Adverse drug reactions in patients admitted on internal medicine wards in a district and regional hospital in Uganda.

Link to article at PubMed

Adverse drug reactions in patients admitted on internal medicine wards in a district and regional hospital in Uganda.

Afr Health Sci. 2011 Mar;11(1):72-8

Authors: Tumwikirize WA, Ogwal-Okeng JW, Vernby A, Anokbonggo WW, Gustafsson LL, Lundborg SC

Abstract
INTRODUCTION: The burden of both community and hospital acquired adverse drug reactions (ADRs) are some of the important issues in pharmacotherapy. At the time of this study there was very scanty literature in this area from Africa.
OBJECTIVE: This study was done to determine the frequency and characteristics of ADRs in patients admitted on medical wards in public hospitals.
METHODS: This was a longitudinal observational study on 728 adult patients on medical wards in one regional and one district hospitals. Community and hospital acquired ADRs were assessed.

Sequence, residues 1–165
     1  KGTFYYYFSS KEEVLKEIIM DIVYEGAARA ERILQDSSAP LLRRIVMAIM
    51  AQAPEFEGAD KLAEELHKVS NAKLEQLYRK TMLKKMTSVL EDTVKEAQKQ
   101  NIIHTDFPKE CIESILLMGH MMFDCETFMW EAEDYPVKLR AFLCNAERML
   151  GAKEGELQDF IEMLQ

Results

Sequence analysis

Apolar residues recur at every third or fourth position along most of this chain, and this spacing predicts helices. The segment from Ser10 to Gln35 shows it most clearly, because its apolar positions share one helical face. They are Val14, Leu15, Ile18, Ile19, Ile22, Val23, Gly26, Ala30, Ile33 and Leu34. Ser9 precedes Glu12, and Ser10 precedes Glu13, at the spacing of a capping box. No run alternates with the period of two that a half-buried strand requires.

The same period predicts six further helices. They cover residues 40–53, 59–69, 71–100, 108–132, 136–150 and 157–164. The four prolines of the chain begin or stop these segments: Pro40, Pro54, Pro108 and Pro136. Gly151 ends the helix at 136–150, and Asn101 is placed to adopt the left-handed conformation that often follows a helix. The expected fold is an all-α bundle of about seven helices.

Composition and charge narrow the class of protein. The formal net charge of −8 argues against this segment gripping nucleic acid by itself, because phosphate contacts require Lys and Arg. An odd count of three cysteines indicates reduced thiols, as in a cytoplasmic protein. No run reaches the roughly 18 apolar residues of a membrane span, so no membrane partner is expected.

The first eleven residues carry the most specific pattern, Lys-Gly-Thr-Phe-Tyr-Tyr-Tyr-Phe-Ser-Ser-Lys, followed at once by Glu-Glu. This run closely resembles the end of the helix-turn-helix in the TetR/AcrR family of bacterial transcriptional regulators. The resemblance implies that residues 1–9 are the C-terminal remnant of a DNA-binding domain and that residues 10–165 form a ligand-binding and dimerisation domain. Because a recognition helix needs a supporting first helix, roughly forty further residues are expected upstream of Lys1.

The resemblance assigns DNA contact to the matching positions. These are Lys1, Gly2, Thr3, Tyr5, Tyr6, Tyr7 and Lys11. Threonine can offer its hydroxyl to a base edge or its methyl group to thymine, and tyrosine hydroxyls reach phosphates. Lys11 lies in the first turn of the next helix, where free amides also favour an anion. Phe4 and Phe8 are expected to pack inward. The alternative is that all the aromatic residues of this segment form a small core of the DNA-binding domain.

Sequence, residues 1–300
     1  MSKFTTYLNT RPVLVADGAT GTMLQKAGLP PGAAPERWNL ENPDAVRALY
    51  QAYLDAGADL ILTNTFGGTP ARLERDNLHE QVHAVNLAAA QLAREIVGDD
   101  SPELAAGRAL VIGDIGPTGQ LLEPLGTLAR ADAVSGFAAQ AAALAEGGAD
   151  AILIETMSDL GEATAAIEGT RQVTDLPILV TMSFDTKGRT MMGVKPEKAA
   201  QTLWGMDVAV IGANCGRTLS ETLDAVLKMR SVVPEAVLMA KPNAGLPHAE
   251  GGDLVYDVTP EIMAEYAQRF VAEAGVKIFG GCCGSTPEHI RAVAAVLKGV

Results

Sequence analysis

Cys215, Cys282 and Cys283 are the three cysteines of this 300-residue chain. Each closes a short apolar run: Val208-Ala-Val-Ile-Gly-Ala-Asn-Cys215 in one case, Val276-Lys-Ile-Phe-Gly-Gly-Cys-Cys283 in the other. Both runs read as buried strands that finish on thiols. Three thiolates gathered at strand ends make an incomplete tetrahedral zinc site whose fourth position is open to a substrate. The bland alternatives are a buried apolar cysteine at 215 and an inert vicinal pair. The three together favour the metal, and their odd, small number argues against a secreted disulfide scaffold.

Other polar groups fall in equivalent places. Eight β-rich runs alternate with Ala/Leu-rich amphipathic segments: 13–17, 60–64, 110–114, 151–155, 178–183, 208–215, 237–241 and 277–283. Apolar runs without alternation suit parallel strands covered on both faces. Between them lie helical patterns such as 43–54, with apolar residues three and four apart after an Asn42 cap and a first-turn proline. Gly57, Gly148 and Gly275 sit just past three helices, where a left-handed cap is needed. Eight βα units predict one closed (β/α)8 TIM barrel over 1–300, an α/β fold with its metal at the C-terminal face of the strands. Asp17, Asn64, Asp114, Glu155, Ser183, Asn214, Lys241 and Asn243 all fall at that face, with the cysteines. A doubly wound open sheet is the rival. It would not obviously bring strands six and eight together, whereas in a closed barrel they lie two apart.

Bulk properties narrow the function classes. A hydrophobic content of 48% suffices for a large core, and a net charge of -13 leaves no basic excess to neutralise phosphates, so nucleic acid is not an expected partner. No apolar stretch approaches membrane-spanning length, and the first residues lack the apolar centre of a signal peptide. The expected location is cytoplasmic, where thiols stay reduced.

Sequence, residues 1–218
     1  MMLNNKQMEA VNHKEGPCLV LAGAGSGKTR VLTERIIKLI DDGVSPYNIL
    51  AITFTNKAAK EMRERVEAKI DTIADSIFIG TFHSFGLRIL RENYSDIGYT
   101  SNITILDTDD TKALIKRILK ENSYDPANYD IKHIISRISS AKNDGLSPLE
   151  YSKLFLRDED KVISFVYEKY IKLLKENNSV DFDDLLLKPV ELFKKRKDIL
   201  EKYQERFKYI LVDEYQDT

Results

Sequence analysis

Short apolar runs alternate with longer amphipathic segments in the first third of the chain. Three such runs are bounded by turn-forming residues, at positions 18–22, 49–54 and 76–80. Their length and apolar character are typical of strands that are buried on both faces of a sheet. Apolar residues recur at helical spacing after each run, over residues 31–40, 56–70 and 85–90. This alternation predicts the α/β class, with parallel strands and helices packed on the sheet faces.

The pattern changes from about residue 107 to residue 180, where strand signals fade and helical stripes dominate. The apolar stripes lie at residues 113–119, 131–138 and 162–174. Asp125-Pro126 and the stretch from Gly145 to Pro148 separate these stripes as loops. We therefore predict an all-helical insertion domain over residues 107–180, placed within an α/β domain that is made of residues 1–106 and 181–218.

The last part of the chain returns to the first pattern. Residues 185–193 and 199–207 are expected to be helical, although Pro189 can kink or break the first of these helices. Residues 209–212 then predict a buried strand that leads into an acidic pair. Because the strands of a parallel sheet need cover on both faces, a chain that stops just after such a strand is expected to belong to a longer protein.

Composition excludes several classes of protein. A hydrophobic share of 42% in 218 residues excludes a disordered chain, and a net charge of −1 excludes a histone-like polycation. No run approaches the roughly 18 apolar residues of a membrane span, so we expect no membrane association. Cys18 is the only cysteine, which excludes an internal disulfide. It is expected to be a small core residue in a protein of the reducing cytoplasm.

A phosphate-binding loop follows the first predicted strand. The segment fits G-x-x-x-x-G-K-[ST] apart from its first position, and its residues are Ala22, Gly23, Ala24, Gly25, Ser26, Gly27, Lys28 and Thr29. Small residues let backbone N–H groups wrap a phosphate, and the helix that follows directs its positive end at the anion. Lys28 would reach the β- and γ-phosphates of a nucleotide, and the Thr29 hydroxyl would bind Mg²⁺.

RESULTS: Thirty three patients (4.5%) were admitted with suspected ADR, and an ADR was the reason for hospitalization in 1.5%. Most ADRs were due to antiparasitic products, mainly quinine (61%). Community acquired ADRs prolonged hospital stay, 5.6 days vs 4.0 days (p-value < 0.001). During hospitalization ADRs occurred in 49.5% of the patients. Antiparasitic products, predominantly quinine, were the commonest drugs class associated with ADRs (85.9%). Hospital acquired ADRs did not affect hospital stay, 4.2 days vs 3.9 (p-value 0.129).
CONCLUSION: ADRs are an important cause of morbidity in patients, both in the community and in hospitals, and the majority are associated with the commonly used drugs.

PMID: 21572860 [PubMed - indexed for MEDLINE]

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